A southwestern Manitoba city that seemed peculiarly immune to COVID-19 for weeks rushed Tuesday to test a rash of people who have shows symptoms of the illness.
Health officials opened an extra testing location on Tuesday, a day ahead of schedule, to ease lengthy waits at what was Brandon’s only testing site.
Earlier in the day, vehicles were stretched for at least six blocks outside the original testing site in downtown Brandon, with many people waiting for hours to get a test.
“I wouldn’t be here if I was doing fine,” said one woman, when asked how she was doing.
The city of nearly 50,000 is grappling with heightened demand for COVID-19 testing after Brandon became the coronavirus’s new epicentre in Manitoba. At least 64 COVID-19 cases are linked to a cluster of cases in the city.
Brandon had gone roughly 70 days without a case of COVID-19, until that streak ended in mid-July, the city’s mayor said Monday.
In large part due to the Brandon cluster, Manitoba reached its highest number of active cases since the start of the pandemic — 196 — on Monday.
In Brandon, residents are being reminded of the importance of physical distancing and handwashing.
“I think there’s a lot of heightened anxiety,” said Glenda Short, vice-president of community programs for the Prairie Mountain Health authority.
“People may have become a little bit lax in taking the precautions.”
On Monday, Brandon’s testing site peaked at 412 tests. A few weeks ago, the site averaged fewer than 200 visits a day, Short said.
Prairie Mountain Health responded to the demand by establishing the new site Tuesday at the Keystone Centre parking lot. The authority also extended hours at the first testing location, including on Sunday.
The recent rash of cases serve as “somewhat of a reminder … [that] the virus is still with us, and we have to learn how to live with the virus,” Short said.
A few hundred feet away from the new site, four retired men were having their morning coffee in the Keystone Centre parking lot. They were robbed of their usual setting at the local A&W, which closed its dine-in seating in response to the jump in COVID-19 cases.
“We decided to get lawn chairs, go out here and have coffee,” Dave Poets said.
On the bright side, he said, “nobody’s coming in and telling us our hour’s up.”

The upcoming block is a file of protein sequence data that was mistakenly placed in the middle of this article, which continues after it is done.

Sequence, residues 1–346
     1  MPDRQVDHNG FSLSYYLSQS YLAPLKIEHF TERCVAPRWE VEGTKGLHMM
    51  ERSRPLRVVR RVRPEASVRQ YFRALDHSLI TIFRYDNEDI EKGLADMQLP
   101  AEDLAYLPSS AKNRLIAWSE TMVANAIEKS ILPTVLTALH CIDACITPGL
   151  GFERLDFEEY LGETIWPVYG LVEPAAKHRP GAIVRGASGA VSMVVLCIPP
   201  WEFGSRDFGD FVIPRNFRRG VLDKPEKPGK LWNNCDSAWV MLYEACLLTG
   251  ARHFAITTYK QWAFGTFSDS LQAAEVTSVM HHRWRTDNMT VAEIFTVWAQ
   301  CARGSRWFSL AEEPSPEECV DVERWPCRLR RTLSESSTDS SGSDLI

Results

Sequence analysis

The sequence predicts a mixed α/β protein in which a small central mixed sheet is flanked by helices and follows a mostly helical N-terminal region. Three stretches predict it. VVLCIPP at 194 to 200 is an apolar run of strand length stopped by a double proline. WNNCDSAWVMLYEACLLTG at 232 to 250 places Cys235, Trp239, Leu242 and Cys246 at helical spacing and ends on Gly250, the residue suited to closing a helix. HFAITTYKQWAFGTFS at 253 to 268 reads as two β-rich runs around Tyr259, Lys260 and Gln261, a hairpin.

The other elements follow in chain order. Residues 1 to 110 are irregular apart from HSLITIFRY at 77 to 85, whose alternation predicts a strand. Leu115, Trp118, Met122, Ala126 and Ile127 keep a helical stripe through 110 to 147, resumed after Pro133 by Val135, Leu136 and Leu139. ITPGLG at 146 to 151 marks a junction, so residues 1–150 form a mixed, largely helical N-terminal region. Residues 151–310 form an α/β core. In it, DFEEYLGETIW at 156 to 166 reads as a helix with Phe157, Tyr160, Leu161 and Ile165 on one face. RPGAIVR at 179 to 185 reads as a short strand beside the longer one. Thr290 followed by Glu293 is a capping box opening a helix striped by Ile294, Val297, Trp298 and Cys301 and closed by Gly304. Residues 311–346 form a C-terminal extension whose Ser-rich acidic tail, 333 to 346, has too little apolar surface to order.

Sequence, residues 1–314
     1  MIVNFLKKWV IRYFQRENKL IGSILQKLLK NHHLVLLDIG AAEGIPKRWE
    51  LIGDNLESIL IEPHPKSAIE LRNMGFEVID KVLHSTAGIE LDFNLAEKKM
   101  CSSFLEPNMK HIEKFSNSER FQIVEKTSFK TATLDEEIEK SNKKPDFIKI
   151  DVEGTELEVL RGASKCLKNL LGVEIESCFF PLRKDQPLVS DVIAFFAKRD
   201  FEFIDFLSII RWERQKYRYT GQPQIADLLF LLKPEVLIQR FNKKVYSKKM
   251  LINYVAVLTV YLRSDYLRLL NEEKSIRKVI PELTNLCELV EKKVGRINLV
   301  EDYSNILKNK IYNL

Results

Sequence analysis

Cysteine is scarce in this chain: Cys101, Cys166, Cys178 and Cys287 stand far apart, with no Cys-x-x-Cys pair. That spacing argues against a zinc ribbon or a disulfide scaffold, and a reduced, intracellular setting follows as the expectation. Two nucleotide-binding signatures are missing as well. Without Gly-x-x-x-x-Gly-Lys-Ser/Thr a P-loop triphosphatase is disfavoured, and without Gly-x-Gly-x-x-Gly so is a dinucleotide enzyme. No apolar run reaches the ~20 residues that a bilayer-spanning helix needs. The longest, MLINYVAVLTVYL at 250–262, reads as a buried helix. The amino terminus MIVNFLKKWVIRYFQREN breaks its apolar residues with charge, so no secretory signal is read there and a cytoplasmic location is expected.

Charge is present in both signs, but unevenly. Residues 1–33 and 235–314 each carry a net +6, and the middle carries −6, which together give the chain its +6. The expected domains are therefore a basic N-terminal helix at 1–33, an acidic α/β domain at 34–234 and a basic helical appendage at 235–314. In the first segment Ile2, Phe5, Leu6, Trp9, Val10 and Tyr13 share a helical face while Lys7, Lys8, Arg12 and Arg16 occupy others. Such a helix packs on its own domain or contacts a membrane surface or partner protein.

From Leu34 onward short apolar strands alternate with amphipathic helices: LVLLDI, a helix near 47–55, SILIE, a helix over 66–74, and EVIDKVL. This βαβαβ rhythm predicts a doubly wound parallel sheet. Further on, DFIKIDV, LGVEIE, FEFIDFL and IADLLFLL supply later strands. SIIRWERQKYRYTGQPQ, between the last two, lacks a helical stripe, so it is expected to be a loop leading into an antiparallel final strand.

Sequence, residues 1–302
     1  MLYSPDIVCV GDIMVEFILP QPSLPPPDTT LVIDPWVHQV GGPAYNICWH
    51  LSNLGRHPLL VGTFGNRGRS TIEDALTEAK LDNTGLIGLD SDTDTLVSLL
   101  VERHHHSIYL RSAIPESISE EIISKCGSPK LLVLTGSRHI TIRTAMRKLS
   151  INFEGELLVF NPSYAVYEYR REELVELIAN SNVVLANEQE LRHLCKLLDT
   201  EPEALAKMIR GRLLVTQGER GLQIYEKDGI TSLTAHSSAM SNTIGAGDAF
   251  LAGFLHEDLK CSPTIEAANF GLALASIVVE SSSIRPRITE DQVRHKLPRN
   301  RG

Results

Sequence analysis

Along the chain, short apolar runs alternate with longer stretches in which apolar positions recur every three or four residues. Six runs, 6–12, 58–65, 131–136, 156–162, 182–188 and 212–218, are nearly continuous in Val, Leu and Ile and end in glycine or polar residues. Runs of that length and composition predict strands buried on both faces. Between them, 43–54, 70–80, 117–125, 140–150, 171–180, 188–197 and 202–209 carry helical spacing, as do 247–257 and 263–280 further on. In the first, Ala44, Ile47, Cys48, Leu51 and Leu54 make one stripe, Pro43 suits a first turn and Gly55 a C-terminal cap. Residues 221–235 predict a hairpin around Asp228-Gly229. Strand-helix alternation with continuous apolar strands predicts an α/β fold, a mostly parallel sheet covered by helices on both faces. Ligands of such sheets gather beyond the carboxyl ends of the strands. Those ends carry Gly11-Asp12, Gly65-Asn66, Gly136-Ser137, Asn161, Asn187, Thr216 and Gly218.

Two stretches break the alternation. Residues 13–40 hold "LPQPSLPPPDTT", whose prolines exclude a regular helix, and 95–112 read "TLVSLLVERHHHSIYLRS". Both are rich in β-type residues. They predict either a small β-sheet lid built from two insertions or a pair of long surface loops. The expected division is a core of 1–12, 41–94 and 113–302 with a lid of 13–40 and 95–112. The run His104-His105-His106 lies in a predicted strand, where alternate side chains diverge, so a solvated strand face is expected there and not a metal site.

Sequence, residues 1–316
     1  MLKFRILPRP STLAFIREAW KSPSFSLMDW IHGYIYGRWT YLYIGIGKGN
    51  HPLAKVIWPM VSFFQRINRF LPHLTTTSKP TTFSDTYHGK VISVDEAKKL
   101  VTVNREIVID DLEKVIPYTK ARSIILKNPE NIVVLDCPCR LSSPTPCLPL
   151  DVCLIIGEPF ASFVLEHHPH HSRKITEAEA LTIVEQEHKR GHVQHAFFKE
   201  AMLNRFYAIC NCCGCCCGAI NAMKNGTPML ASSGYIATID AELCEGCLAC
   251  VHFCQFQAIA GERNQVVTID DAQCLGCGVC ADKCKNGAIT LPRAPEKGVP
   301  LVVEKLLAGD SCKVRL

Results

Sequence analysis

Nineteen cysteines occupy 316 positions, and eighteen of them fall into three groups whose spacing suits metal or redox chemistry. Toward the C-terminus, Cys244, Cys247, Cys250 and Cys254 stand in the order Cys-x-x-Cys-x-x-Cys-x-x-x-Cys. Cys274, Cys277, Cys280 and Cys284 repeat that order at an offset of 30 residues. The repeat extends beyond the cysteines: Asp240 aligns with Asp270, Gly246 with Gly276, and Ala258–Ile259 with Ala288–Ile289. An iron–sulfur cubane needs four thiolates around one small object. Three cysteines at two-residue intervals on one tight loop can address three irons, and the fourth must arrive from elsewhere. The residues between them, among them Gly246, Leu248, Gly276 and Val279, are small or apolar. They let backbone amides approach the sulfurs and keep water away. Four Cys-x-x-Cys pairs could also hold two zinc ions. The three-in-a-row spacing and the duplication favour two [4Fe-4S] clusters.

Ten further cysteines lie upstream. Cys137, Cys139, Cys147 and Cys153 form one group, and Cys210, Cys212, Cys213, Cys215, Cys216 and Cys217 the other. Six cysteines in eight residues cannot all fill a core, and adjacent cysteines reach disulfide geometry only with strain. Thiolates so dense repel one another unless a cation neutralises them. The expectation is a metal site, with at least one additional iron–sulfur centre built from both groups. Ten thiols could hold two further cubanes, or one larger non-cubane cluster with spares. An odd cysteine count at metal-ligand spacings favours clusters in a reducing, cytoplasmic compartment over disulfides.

The pandemic’s increasing severity in their hometown was a topic of discussion among the friends.
“I think it’s making everybody wear masks again, at least,” Poets said, noting the prevalence of face coverings at his grocery store.
“We’re all pretty worried about COVID,” added Doug Lund. “It’s terrible.”
Sherry Spring, meanwhile, said she’s keeping her visits to the grocery stores to a minimum.
“I’m in a high-risk group. Two of my best friends are in a high-risk group, so I’m trying to keep both of them and myself out of the way as much as possible, going shopping only when absolutely necessary.”
She’s also worried that the Maple Leaf Foods pork-processing plant, which has seen 22 of its employees test positive for COVID-19, is still operating. The union representing the workers has called for the plant’s temporary closure, but health officials say a suspension isn’t necessary since no employee contracted the virus at work.
The apprehension among residents may be responsible for declining foot traffic at some local businesses.
Dine-in and catering sales dropped at Komfort Kitchen, a popular breakfast and lunch spot in the city’s downtown.
“Things were looking good [but] now that there is an increased number of reported cases, just this past Monday I noticed a significant decrease in business,” said owner Derek Woychyshyn.
He said his employees are concerned the province may reintroduce earlier restrictions to get a handle on rising case numbers in Brandon. If so, his restaurant may shut their doors again.
“They’re worried that if they have to close, their financial situation will go down the hill again.”
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